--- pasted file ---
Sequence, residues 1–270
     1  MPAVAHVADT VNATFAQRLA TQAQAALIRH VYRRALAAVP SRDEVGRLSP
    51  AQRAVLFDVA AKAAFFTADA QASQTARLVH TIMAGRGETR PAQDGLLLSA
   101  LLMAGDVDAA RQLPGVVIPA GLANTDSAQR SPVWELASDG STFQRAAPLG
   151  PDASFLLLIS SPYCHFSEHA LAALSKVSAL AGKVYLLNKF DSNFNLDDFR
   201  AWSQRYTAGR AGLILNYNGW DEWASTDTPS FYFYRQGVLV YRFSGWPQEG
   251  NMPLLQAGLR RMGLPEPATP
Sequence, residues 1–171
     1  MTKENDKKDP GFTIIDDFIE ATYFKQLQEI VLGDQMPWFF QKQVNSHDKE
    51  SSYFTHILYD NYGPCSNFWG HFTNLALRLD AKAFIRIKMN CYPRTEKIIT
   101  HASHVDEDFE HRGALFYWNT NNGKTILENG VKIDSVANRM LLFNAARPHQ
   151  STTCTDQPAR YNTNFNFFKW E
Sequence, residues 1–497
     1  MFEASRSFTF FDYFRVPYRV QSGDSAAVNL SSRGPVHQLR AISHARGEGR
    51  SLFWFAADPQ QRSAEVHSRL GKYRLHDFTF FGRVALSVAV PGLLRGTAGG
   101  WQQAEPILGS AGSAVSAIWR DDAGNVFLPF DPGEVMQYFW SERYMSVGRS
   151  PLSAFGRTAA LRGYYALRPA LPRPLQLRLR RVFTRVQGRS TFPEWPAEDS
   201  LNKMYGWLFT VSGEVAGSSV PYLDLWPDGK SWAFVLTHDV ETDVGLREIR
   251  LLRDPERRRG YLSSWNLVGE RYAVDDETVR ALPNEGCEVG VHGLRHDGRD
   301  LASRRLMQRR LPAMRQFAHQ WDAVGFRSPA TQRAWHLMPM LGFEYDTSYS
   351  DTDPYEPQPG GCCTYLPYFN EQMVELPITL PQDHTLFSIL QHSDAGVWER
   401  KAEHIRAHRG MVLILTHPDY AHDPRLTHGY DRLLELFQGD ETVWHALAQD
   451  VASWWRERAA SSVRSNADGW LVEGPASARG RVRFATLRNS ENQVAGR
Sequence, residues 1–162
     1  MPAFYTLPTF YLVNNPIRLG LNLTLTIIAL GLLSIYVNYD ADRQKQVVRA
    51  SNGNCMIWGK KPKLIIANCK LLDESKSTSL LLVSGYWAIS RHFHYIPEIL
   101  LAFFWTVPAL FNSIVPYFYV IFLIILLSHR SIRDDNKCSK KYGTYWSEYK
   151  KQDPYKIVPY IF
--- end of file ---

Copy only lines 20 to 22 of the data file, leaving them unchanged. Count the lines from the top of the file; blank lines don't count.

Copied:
   301  LASRRLMQRR LPAMRQFAHQ WDAVGFRSPA TQRAWHLMPM LGFEYDTSYS
   351  DTDPYEPQPG GCCTYLPYFN EQMVELPITL PQDHTLFSIL QHSDAGVWER
   401  KAEHIRAHRG MVLILTHPDY AHDPRLTHGY DRLLELFQGD ETVWHALAQD